Post created by guest contributor, Peter Ashmore.
Looking at the title of “A Dad’s Perspective”…
I want to address some issues that I believe are at the core of the orphan crisis. These are issues I struggled with—lies I at one time believed and sometimes still battle. So, men, this is not a “bash on dudes” post but a testimony of God’s goodness to change the thinking of men regarding adoption and orphan care.
1. I didn’t understand the fatherhood of God.
Ephesians 1 provides God’s “game plan” for redeeming his children.
Verse 5 says, “He predestined us to be adopted as his sons through Jesus Christ, in accordance with His pleasure and will.”
God’s plan has always been to adopt—to make us part of his family. He has planned from eternity past to take, as Hosea said, a people called “not my people” and make them “my people” (Hos 1:9–10; Rom 9:25–26).
Fatherhood is that terrifying space between living courageously and feeling like you have no idea what you are doing.
When you step out in adoption and say, “Hey, that child right there, he is not mine, but I am going to make him mine. I’m going to put my name on him and give him all the rights and privileges that come with being my child,” that’s modeling what God does to His children in the gospel.
He doesn’t owe you anything but wrath. Judgment. Condemnation. Instead, He has taken you into his family and made you a “co-heir with Christ” (Rom 8:17).
Men, when you engage in adoption, you are modeling for the world what God the Father has done through our elder brother, Jesus Christ.
2. I didn’t believe this was a manhood issue.
Manhood, especially fatherhood, has always been under attack, and our generation is no exception. It is estimated that more than 1 in 4 children in the U.S. lives without their father.
I’m thankful for Russell Moore and his book Adopted for Life. In his book, he outlines something I had never considered before—Joseph’s role in the birth and life of Jesus.
See, Joseph shows us what manhood looks like. He could have divorced Mary, shamed her, and left the newborn and mother to be publically ostracized for the rest of their lives. And he would have been fully within his rights to do so.
Instead, he raised a child that “wasn’t his own.” This is so crucial to the history of redemption because if Joseph would not have stepped up to legitimize Jesus’ birth, the story of a rescuer would have ended right there!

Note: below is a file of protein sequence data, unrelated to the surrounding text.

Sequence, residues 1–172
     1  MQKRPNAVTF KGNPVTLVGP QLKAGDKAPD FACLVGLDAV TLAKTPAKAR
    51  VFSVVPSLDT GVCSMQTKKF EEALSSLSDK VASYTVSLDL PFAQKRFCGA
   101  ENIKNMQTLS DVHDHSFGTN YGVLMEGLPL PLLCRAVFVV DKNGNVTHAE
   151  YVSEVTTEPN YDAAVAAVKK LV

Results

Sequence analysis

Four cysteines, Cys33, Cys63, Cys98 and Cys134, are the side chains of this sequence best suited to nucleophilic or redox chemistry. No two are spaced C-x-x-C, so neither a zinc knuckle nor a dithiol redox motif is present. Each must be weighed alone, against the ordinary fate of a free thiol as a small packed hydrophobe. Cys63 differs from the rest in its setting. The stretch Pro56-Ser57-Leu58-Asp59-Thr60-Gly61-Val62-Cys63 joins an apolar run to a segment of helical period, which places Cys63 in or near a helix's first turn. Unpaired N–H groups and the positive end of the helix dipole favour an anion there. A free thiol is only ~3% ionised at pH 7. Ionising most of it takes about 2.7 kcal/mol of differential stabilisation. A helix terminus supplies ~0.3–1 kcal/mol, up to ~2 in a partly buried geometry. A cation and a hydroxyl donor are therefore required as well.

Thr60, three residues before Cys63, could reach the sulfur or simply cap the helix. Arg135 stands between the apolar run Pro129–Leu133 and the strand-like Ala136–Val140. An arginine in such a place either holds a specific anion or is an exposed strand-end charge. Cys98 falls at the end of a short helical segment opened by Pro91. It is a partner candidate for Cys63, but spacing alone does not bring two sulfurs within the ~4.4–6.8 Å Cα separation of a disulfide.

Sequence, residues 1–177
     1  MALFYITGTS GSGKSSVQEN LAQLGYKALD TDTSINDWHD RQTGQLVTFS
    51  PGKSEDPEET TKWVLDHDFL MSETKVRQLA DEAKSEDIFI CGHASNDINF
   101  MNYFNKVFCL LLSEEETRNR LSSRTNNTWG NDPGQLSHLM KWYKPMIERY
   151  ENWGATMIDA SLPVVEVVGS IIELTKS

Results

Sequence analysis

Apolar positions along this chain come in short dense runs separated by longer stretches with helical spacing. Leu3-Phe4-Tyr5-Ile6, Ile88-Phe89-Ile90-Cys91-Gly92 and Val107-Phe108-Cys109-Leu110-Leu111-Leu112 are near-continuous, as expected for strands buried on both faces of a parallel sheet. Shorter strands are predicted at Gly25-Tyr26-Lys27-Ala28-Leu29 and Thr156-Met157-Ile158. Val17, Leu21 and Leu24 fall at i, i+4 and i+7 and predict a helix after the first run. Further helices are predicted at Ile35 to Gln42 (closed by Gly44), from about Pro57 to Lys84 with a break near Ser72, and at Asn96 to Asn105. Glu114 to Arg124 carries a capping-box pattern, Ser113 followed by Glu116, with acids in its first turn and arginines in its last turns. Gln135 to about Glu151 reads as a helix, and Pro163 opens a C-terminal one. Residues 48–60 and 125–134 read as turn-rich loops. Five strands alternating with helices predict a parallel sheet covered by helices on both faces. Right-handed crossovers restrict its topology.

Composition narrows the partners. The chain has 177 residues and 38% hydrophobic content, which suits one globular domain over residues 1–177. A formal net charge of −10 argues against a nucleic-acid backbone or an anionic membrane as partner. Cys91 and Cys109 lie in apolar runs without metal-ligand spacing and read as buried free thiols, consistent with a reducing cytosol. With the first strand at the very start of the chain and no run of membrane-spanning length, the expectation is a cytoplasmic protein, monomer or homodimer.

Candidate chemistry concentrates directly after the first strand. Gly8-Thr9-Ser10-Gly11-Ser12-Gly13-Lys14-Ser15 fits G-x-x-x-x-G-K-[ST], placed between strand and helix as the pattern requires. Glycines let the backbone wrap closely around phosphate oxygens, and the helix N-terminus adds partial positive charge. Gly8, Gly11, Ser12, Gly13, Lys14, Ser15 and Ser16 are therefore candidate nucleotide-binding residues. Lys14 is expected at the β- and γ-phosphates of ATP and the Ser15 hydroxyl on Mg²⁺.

Jesus is prophesied to be “the son of David” and because He is the legal son of Joseph, He now has the legal, kingly rights to fulfill prophecy. Men, that is because of Joseph!
Adoption is about manhood. Taking responsibility for a child that you could easily justify as “someone else’s problem.” That’s what Jesus did on the cross—He took responsibility for us.
Jesus gave His life as a ransom for many. And that was all made possible because a carpenter named Joseph took on “someone else’s problem.” So as you pray about how God would have you grow your family, lead your wives into the conversation and action of orphan care. Shepherd her through the process. Be a leader!
3. I didn’t believe this was about spiritual warfare.
Revelation 12:4 states that a “… dragon stood in front of the woman who was about to give birth, so that he might devour her child the moment it was born.”
Satan rages against life. From the garden, to Pharaoh, to Herod, to Roe vs. Wade, to Planned Parenthood… Who will stand against him?
Standing against the tide of abortion and fatherlessness are matters of spiritual warfare. In Revelation 12:4, who stood between the dragon and the woman? It was a man by the name of Joseph, perhaps unknowingly battling the serpent himself.
4. I didn’t believe in taking risks for the sake of the gospel.
I wasn’t inspired, I didn’t believe God could use me, and I wasn’t believing the gospel.
“It’s rich people who adopt—not me.” Men, are we so uninspired today that this is the excuse that we bring to the table? Do we really believe that God only uses a special 1% of Christians to accomplish His mission?
About once a month, I’ll flip back through pictures of my family. In Ethiopia, where my son was born, there are roughly 4.5 million orphans. That is a very daunting number, and the question of “Can I even make a difference?” would fester in my mind.
Let me tell you this. I look in the face of my son, Deacon, and my daughter, Copeland, and I’m left with this answer: It made a difference to them!
Of all the orphans in Ethiopia and Southeast Michigan, God gave me you, and I will make a difference to you!
The gospel makes a difference to all Christians, but it especially made a difference to me!
Peter serves on the administrative staff at Restore Church on Detroit’s west side. He and his wife Elisabeth have been married for 11 years and have the privilege of raising Deacon, Hensley, Copeland, and Kingston for the sake of the Kingdom.
DAD, WE’RE HERE TO HELP.
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